What is MPI?
MPI is the name of a gene that encodes an enzyme called mannose-6 phosphate isomerase (alternately phosphomannose isomerase, or PMI). MPI facilitates the interconversion of fructose 6-phosphate and mannose 6-phosphate. Mannose 6-phosphate is the starting material for all N-linked protein glycosylation production needs.
Orthologs of MPI are conserved in mice, zebrafish, flies, worms, budding yeast and fission yeast.
What does MPI do?
MPI was first characterized in budding yeast by Smith et al., 1992, where it was shown that GDP-mannose and dolichol-phosphate-mannose levels are dramatically reduced, as expected. As a result, PMI40 knockout yeast mutant cells require mannose supplementation in order to survive.
The MPI knockout mouse is lethal (DeRossi et al., 2006), which tends to be the rule in CDGs where complete loss of function of a CDG gene is lethal. Viable CDG mouse models tend to have so called hypomorphic mutations knocked in, which means there’s some residual CDG gene function. The authors concluded: “Our results in vitro suggest that mannose toxicity in Mpi(-/-) embryos is caused by Mannose-6-Phosphate accumulation, which inhibits glucose metabolism and depletes intracellular ATP. This was confirmed in E10.5 Mpi(-/-) embryos where Mannose-6-Phosphate increased more than 10 times, and ATP decreased by 50% compared with Mpi(+/+) littermates. Because Mpi ablation is embryonic lethal, a murine CDG-Ib model will require hypomorphic Mpi alleles.”
Zebrafish model supports conserved disease progression and rescue of disease phenotypes by mannose supplementation but only if provided no later than 24 hours post fertilization (Chu et al., 2013).
Clinical presentation of MPI-CDG
MPI-CDG was referred to as CDG-1b. Patients with MPI-CDG do not have intellectual disability or neurological impairment, compared with most other Type I CDGs, especially PMM2-CDG. In the first published clinical report on MPI-CDG, Jaeken et al., 1998 noted that “MPI-CDG differs from most other described glycosylation disorders due to its lack of central nervous system involvement, and because it has treatment options besides supportive care. Supplementation with oral mannose has been shown to improve most symptoms of the disease.”
Freeze et al., 1999 reviewed the 9 MPI-CDG patients who had been diagnosed at that time and provided n-of-1 patient biomarker data before and after mannose supplementation.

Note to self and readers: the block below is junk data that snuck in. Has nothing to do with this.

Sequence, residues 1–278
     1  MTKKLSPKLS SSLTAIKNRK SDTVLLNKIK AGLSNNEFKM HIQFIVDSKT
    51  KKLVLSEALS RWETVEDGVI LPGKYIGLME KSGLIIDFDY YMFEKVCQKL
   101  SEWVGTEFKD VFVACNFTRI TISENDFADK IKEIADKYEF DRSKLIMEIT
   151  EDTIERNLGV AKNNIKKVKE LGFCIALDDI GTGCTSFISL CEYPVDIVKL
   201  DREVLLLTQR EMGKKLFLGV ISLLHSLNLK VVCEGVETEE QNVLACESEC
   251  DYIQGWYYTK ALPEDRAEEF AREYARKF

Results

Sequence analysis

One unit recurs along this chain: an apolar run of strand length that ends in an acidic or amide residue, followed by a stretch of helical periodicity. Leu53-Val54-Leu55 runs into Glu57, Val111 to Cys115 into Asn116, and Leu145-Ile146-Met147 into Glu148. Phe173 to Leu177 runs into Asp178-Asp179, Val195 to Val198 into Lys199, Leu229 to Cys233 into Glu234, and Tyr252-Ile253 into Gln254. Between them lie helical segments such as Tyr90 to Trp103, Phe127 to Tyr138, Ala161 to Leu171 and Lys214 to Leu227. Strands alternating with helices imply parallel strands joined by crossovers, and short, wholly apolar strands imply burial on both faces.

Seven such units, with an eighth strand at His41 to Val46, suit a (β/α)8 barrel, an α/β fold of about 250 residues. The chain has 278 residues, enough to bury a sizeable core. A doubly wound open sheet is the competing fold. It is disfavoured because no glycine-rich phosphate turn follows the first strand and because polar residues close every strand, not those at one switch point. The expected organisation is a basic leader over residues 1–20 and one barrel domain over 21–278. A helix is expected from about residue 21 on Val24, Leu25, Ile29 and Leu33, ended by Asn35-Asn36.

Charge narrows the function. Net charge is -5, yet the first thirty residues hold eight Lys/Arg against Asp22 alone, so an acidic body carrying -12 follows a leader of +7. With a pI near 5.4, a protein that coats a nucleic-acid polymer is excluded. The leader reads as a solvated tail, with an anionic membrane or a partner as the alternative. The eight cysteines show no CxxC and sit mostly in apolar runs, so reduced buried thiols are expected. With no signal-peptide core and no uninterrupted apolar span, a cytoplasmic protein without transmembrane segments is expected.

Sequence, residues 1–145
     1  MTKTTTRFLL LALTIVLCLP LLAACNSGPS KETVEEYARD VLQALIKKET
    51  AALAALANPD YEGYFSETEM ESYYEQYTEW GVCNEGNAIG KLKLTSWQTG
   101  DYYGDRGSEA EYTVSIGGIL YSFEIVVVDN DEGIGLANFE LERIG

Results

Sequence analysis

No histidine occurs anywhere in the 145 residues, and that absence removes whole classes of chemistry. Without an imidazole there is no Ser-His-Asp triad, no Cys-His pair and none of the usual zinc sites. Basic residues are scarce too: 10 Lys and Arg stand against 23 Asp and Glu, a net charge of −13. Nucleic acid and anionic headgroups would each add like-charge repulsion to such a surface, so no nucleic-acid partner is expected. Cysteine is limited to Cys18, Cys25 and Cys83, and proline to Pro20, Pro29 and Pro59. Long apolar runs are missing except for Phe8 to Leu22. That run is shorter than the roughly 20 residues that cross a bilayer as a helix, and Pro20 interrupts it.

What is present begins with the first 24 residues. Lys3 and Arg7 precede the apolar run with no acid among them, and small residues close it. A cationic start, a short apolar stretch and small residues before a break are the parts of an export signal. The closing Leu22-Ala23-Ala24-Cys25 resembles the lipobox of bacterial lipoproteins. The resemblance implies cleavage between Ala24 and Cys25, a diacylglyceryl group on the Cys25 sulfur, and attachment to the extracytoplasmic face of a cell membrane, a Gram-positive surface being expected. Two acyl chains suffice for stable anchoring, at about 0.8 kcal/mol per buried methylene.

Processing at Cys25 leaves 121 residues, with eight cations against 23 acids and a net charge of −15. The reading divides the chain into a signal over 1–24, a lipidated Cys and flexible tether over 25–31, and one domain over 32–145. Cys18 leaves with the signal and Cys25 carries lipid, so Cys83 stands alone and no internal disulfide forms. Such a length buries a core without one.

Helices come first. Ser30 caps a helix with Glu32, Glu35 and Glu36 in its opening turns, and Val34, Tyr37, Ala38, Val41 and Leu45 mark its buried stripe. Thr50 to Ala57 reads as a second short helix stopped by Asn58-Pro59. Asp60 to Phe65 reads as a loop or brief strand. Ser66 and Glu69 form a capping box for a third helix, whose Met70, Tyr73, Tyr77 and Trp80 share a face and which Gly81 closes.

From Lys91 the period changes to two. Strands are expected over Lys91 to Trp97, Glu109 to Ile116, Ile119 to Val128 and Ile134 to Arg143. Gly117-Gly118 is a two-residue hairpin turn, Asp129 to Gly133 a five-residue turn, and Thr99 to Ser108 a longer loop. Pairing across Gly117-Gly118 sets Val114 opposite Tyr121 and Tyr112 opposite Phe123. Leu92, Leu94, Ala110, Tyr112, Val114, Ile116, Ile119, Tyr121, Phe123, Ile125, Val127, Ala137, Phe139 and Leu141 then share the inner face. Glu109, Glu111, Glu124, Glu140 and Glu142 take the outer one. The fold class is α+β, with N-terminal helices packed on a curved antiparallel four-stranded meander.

Beyond dietary mannose
Janssen et al., 2014 showed that oral mannose supplementation can address the protein-losing enteropathy and coagulation abnormalities seen in MPI-CDG but it doesn’t address chronic liver wasting so a liver transplant is required for long-term survival. The MPI-CDG community needs therapeutic options other than surgery and organ transplantation.
As alluded to above, mannose supplementation during pregnancy in a MPI-CDG mouse model had an unexpected harmful effect (Sharma et al., 2014). What’s more, mannose supplementation has other unexpected side effects outside the context of congenital disorders of glycosylation, namely in cancer. (Gonzalez et al., 2018)
Yeast, worm, and fly MPI-CDG disease models are desperately needed, as well as a true genetic knockout zebrafish model (versus the morpholino knockdown model described in Chu et al., 2013). These preclinical disease models are necessary to advance the community beyond mannose supplementation as the standard of care. Once the tires have been kicked on MPI-CDG disease models with engineered patient mutations, it will be time to kick drug repurposing and genetic modifier screens into high gear. Experimental gene editing and antisense oligonucleotide approaches are warranted on a mutation by mutation basis.
Chu J, Mir A, Gao N, Rosa S, Monson C, Sharma V, Steet R, Freeze HH, Lehrman MA, Sadler KC. (2013). A zebrafish model of congenital disorders of glycosylation with phosphomannose isomerase deficiency reveals an early opportunity for corrective mannose supplementation. Disease Models and Mechanisms. 6: 95-105.
DeRossi C, Bode L, Eklund EA, Zhang F, Davis JA, Westphal V, Wang L, Borowsky AD, Freeze HH. (2006). Ablation of mouse phosphomannose isomerase (Mpi) causes mannose 6 phosphate accumulation, toxicity, and embryonic lethality. Journal of Biological Chemistry. 281: 5916-27.
Freeze HH, Aebi M. (1999). Molecular basis of carbohydrate-deficient glycoprotein syndromes type I with normal phosphomannomutase activity. Biochimica Biophysica Acta. 1455: 167-178.
Gonzalez PS, O’Prey J, Cardaci S, Barthet VJA, Sakamaki JI, Beaumatin F, Roseweir A, Gay DM, Mackay G, Malviya G, Kania E, Ritchie S, Baudot AD, Zunino B, Mrowinska A, Nixon C, Ennis D, Hoyle A, Millan D, McNeish IA, Sansom OJ, Edwards J, Ryan KM. (2018). Mannose impairs tumour growth and enhances chemotherapy. Nature. 563: 719-723.
Jaeken J, Matthijs G, Saudubray JM, Dionisi-Vici C, Bertini E, de Lonlay P, Henri H, Carchon H, Schollen E, Van Schaftingen E. (1998). Phosphomannose isomerase deficiency: a carbohydrate-deficient glycoprotein syndrome with hepatic-intestinal presentation. American Journal of Human Genetics. 62: 1535-9.
Janssen MC, de Kleine RH, van den Berg AP, Heijdra Y, van Scherpenzeel M, Lefeber DJ, Morava E. (2014). Successful liver transplantation and long-term follow-up in a patient with MPI-CDG. Pediatrics. 134: e279-283.
Sharma V, Nayak J, DeRossi C, Charbono A, Ichikawa M, Ng BG, Grajales-Esquivel E, Srivastava A, Wang L, He P, Scott DA, Russell J, Contreras E, Guess CM, Krajewski S, Del Rio-Tsonis K, Freeze HH. (2014). Mannose supplements induce embryonic lethality and blindness in phosphomannose isomerase hypomorphic mice. FASEB Journal. 28: 1854-69.
Smith DJ, Proudfoot A, Friedli L, Klig LS, Paravicini G, Payton MA. (1992). PMI40, an intron-containing gene required for early steps in yeast mannosylation. Molecular and Cell Biology. 12: 2924-2930.